Back to Nature: Has Technology Ruined Hiking?
At Hillwalk Tours, we like nothing more than a good hike – especially one that gets the blood pumping and gives you a chance to connect with nature. However, many hikers now say that is until their phone rings, or they have to navigate around hikers taking selfies in the middle of the trail. Even if you head out by yourself to see what solo hiking is all about, in the age of connectedness, you’re never really alone. Seeing technology thrust into nature like this can be jarring, but has technology ruined hiking?
The Case Against Technology
Back in 1921 author and conservationist Aldo Leopold stated in an article titled “The Wilderness and Its Place in Forest Recreational Policy” that the wilderness should be “a continuous stretch of country preserved in its natural state…big enough to absorb a two-weeks’ pack trip and kept devoid…of works of man.” While he was talking about automobiles, the sentiment is even more relevant now that we have smartphones, GPS and cellular data connections.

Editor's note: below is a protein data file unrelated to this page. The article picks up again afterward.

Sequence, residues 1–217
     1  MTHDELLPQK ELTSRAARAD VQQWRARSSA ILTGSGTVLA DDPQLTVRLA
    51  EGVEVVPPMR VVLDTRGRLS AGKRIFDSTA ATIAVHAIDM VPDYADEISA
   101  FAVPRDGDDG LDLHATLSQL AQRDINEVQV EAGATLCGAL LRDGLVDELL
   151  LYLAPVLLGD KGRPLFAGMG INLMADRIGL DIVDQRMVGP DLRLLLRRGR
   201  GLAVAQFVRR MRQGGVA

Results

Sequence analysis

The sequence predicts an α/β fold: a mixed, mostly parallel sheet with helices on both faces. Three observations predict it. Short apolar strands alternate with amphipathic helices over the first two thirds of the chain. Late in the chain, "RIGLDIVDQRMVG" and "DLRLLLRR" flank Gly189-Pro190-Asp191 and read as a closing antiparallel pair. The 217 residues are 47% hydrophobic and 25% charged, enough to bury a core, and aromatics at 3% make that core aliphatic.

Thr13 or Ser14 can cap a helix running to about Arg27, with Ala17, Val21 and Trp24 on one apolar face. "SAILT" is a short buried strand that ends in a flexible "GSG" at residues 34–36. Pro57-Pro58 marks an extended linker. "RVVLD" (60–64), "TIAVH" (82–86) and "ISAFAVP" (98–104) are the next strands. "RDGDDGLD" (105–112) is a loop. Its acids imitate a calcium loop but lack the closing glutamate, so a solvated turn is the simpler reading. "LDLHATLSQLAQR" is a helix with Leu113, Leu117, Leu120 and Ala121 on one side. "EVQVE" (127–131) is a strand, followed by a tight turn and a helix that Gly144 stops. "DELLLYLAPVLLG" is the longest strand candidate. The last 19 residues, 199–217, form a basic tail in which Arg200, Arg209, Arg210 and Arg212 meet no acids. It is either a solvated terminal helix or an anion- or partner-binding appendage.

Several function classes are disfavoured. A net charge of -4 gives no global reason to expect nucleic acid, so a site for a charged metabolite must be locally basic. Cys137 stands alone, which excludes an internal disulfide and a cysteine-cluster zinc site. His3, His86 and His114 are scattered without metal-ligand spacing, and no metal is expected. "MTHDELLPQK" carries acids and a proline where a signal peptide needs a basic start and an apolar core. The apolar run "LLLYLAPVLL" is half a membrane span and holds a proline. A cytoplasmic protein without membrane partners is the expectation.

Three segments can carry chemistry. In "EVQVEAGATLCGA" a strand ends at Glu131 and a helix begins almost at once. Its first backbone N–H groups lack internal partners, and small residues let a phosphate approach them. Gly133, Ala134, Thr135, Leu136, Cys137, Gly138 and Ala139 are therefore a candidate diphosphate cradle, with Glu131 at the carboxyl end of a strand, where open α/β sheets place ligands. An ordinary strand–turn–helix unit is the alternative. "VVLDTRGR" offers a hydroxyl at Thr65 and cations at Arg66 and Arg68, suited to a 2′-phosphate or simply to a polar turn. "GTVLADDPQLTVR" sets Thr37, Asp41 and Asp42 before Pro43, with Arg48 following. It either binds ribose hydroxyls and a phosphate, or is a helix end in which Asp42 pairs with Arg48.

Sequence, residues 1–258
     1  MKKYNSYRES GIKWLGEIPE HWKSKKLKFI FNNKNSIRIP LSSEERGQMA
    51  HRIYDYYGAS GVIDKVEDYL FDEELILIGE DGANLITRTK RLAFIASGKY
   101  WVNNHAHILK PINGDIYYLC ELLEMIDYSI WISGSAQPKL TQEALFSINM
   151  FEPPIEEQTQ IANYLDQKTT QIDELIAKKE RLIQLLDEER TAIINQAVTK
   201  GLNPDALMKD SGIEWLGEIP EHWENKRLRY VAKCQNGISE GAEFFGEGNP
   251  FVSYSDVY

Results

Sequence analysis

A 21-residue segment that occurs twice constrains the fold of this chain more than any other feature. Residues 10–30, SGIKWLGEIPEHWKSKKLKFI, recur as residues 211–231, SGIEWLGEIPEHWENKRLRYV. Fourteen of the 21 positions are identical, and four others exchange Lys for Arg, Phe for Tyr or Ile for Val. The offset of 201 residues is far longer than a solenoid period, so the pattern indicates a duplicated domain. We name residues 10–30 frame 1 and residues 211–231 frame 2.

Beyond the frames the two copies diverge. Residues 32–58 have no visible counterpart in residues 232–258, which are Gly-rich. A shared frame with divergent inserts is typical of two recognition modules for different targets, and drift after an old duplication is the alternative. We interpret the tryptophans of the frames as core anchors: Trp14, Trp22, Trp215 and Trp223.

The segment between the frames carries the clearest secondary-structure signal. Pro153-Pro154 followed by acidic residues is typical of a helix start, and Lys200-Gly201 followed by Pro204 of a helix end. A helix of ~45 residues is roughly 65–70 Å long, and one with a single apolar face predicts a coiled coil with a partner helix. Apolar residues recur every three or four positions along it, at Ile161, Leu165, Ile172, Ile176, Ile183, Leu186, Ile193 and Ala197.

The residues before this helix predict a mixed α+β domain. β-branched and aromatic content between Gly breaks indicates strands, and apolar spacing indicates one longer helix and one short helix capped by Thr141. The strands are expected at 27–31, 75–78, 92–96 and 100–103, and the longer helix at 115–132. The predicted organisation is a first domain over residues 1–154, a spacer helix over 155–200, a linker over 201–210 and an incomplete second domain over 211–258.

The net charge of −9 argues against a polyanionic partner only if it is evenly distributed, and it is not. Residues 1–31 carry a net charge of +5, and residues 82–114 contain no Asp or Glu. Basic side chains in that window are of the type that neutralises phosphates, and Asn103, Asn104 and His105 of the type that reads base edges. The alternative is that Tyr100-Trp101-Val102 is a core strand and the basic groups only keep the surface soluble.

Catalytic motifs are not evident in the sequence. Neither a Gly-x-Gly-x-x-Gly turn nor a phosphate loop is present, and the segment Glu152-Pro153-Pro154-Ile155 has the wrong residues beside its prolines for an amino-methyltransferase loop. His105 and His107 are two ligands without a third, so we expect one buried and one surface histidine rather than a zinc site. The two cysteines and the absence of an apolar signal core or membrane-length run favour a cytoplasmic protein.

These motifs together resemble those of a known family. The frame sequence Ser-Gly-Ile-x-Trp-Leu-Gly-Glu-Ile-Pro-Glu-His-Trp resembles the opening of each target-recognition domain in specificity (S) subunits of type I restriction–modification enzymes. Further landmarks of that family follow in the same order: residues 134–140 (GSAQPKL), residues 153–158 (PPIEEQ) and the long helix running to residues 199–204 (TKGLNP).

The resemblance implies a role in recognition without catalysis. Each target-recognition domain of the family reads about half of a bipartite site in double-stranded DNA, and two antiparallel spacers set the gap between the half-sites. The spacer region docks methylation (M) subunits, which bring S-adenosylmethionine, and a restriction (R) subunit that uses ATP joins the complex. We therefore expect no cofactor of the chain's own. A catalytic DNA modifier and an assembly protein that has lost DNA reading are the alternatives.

There are no surprises
One of the beauties of hiking—at least before the smartphone explosion—is the potential discovery of hidden trails and secret alcoves. While it’s more than possible these places have already been visited by many others, without technology, there is usually no way to tell. This ignorance would allow you to bask in the solitude and joy of exploration.
Now with technology, there aren’t any “blank spots.” You can bet there are dozens of articles and guides telling you about the “best-kept secrets” of individual hikes, which turns these remote locations into anything but secret.
Technology is too distracting
Taking a hike is supposed to be about reconnecting with nature and being present. When you bring technology with you (or when others do), it pulls you out of the moment. It’s so easy to fall into the trap of checking your phone or taking some pictures to share them on social media, especially when you’re in a very scenic area. It’s certainly tempting to share everything online, but the more time you spend trying to line up the perfect shot, the less time you’re putting into actually enjoying your hike. A pretty picture is nice to have, but if you can’t remember anything about the experience because you were too busy taking a picture, it might as well be a stock photo.